As more non-technical skill taxonomies are developed, it is apparent that many of the basic skill categories are generic, especially across higher-risk occupations (for example, decision-making, situation awareness, communication, team co-ordination, stress/fatigue management) (see Chapter 11). These broad skill categories were outlined in the previous chapters. However, when a given occupation is examined, the elements and specific behaviours for each category look very different and clearly vary from one technical setting to another. This is why it is generally inadvisable to use a non-technical skills taxonomy or behavioural marker system devised for one domain (e.g. aviation) in a different work setting (e.g. health care) without clearly examining the similarities and differences within the domain, the task and the proposed use of the taxonomy, behavioural marker system or non-technical skills training programme.
In essence, a two-stage process is employed to develop a taxonomy of skills:
the level of detail and scope of the analysis will depend on the purpose for which the taxonomy or training programme is being developed. A set of behaviours identified for a research tool could be more complex and comprehensive than one being developed for practitioners to use as the basis for training (as described in Chapter 10) or assessment (Chapter 11). the focus here, as in previous chapters, is again on individual skills rather than on team skills, although the individuals will normally be working in a team setting.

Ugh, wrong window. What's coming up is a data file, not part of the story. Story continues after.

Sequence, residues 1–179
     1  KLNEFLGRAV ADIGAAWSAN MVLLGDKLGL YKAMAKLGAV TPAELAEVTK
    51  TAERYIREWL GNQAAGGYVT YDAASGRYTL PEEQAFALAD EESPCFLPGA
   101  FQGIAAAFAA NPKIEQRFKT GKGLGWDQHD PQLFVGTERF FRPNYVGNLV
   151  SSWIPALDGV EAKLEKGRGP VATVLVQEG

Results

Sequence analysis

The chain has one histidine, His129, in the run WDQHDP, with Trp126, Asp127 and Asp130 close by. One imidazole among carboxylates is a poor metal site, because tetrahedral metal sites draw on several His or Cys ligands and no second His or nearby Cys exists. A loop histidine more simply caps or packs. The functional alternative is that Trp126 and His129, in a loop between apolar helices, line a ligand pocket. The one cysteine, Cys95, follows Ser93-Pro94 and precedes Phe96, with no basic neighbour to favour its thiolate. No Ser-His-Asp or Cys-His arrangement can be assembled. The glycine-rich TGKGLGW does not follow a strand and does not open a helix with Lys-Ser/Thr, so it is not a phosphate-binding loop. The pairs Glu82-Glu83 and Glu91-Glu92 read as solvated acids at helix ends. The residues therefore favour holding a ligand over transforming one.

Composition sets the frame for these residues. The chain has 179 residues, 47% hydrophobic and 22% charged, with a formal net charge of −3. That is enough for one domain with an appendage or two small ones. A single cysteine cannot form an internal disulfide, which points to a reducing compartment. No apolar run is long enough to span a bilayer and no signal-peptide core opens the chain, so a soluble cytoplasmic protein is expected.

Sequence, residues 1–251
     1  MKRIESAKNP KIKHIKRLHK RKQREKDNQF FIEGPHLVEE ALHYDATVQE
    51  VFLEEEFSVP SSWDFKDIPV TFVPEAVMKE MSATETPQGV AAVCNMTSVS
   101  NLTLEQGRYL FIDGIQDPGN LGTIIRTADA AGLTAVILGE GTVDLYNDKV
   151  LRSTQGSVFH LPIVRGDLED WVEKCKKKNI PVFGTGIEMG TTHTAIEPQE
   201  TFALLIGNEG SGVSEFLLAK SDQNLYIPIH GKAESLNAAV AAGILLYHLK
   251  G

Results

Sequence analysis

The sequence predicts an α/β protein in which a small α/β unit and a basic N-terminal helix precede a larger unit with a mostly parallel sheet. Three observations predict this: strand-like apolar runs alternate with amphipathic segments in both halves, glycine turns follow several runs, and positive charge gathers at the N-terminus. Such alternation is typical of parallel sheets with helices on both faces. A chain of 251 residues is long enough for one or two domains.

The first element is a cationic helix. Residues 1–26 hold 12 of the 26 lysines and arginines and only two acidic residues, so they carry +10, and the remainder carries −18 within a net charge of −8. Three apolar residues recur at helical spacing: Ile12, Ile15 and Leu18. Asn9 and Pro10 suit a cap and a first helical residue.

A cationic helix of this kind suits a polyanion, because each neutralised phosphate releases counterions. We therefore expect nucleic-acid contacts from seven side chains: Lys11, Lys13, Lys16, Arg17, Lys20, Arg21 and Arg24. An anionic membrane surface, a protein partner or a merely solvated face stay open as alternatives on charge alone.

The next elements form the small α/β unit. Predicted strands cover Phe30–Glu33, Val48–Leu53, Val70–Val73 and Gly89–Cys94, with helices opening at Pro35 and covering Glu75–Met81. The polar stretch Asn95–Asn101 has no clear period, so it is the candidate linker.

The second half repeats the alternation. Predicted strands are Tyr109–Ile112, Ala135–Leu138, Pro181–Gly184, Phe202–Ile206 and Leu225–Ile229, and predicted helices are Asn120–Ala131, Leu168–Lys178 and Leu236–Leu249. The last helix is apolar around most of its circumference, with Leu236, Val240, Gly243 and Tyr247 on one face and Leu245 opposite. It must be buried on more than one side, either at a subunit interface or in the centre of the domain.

Obviously the first place to look for information is in the published research literature for the job in question. there are now thousands of studies examining behaviour in a range of different workplaces, and a wealth of information exists not only about typical behaviours but noting which of these contribute to safe or unsafe performance (e.g. Barling and Frone, 2004; Glendon et al., 2006). Nowadays searching the published literature is a relatively easy task due to the advent of electronic databases and powerful search engines (e.g. Google: www.google.com, Google Scholar: http://scholar.google.com, Web of Science: http://wos.mimas.ac.uk). organisations may also have documentary analyses that cover non-technical skills for a particular occupation including job assessments, task analyses, competence frameworks, training programmes, assessment and appraisal systems. If sufficient information cannot be found in these sources, then the data collection methods described below can be used.
a number of different techniques used to identify non-technical skills are listed in table 9.1 and discussed in the following sections. Most of these have been used for safety-critical occupations in aviation, energy sector, rail, marine, military and acute medicine. these techniques can be grouped into three different approaches: analysis of events from accident/incident reports, questioning and observation.
Table 9.1 Techniques to identify non-technical skills